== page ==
The public is recognizing that it has a choice in whether AI is developed and widely adopted.
Eric Schmidt is the former chief executive of Google and former executive chairman of its parent company Alphabet. He has worked over the last decade to encourage investments by the military and intelligence establishments in Big Tech infrastructures and to market their products, including Google’s AI technologies, as indispensable to U.S. military prowess. He’s also a billionaire and a philanthropist, whose Schmidt Futures underwrites positions throughout the federal government, and many tech-related civil society organizations and initiatives. Over the last several years, he chaired the National Security Commission on Artificial Intelligence (NSCAI), an advisory board to Congress and the Pentagon comprising Big Tech executives, military and intelligence professionals, and academic elites.
Daniel Huttenlocher is the dean of MIT’s Schwarzman College of Computing, an AI-focused mega-lab that was launched thanks to a $350 million gift from foreclosure profiteer and longtime Trump supporter Stephen Schwarzman, the co-founder of the investment group Blackstone. Huttenlocher is also board chair of the MacArthur Foundation, which funds progressive nonprofits and initiatives focused on tech accountability.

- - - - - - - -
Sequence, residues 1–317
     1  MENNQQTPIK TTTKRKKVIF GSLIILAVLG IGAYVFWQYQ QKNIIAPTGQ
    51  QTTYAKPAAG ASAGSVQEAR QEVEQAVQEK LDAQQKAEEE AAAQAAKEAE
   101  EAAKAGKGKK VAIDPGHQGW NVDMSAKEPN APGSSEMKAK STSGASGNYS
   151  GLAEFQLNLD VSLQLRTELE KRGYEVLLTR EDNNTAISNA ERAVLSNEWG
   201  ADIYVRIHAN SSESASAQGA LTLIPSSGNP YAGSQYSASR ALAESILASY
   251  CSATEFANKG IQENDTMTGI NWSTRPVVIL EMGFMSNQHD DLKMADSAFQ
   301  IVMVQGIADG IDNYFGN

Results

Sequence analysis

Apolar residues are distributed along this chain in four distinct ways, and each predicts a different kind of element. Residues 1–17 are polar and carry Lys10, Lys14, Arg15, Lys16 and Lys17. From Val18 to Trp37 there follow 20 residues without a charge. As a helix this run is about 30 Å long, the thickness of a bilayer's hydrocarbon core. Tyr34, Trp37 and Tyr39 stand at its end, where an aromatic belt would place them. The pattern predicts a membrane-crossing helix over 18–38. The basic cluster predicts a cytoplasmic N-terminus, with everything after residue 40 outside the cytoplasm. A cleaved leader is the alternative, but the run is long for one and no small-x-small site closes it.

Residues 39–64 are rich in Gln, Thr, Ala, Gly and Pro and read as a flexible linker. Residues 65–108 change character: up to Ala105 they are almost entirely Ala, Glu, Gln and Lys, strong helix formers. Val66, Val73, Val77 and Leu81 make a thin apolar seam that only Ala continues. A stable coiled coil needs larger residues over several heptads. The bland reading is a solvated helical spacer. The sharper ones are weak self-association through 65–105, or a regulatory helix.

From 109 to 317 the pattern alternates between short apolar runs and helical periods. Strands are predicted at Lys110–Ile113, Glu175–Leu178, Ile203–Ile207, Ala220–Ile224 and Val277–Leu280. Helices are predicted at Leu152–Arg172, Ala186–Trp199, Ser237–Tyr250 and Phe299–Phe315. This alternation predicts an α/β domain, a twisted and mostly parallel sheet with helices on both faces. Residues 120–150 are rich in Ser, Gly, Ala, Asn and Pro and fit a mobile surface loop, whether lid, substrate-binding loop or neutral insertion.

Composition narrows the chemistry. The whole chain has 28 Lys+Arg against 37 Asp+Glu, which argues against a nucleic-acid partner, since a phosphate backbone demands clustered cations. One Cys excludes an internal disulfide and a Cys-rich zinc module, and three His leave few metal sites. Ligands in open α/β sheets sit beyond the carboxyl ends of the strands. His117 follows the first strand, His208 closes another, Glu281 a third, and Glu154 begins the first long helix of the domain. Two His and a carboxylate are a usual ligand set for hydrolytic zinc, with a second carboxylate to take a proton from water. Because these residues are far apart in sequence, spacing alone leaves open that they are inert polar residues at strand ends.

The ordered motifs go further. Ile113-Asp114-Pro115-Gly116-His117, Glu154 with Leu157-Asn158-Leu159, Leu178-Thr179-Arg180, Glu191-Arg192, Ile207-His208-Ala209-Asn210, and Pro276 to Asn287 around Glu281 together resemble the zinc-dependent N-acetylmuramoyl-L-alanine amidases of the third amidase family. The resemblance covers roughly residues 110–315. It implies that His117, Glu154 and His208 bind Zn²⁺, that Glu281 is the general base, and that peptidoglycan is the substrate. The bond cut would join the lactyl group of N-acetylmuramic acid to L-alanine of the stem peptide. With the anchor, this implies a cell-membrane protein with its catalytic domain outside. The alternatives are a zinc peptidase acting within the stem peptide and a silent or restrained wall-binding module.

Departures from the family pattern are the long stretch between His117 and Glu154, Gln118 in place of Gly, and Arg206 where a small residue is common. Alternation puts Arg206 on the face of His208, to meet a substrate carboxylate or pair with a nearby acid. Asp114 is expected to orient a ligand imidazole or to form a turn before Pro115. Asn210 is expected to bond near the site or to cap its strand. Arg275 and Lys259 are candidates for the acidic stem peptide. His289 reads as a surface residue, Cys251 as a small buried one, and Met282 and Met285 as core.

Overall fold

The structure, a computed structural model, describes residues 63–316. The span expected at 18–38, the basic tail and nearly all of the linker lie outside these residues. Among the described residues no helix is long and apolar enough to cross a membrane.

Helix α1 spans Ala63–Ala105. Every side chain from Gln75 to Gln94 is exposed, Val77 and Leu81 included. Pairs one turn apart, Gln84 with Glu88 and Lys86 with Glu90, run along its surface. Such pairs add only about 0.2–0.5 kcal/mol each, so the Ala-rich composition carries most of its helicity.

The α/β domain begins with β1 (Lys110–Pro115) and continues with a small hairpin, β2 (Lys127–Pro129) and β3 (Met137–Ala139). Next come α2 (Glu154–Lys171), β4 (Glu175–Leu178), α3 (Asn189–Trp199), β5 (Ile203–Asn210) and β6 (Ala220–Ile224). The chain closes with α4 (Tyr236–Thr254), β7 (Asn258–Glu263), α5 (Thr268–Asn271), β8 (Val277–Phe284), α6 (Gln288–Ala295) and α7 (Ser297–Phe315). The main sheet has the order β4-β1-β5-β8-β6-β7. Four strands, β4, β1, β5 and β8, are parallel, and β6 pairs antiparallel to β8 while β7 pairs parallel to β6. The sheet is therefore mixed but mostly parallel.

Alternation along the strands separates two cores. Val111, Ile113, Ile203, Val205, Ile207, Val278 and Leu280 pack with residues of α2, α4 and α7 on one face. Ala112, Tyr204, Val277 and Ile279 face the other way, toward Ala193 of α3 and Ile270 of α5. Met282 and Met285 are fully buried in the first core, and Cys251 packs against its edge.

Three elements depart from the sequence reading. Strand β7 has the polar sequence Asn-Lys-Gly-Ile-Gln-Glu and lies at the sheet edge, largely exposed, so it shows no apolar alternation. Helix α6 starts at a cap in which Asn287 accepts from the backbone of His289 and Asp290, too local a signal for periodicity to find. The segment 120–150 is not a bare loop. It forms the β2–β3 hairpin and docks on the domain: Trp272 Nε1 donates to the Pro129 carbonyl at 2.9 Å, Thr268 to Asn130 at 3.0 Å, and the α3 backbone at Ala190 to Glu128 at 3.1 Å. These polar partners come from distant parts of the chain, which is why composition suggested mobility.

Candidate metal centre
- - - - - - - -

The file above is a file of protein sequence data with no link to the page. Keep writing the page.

This book provides Eric Schmidt and his co-authors a new occasion for a well-funded PR campaign, during which they will be given opportunities to present their views to large audiences, and likely to brief policymakers and other political actors.
In this way, The Age of AI should be understood as a companion to the work that the NSCAI has already done under Schmidt’s leadership. In March, the NSCAI issued a report that echoed Cold War rhetoric to recommend $40 billion in federal investments in AI, warning that the U.S. must maintain AI supremacy or risk being eclipsed by China. The NSCAI report and The Age of AI serve Big Tech’s agenda through three rhetorical strategies.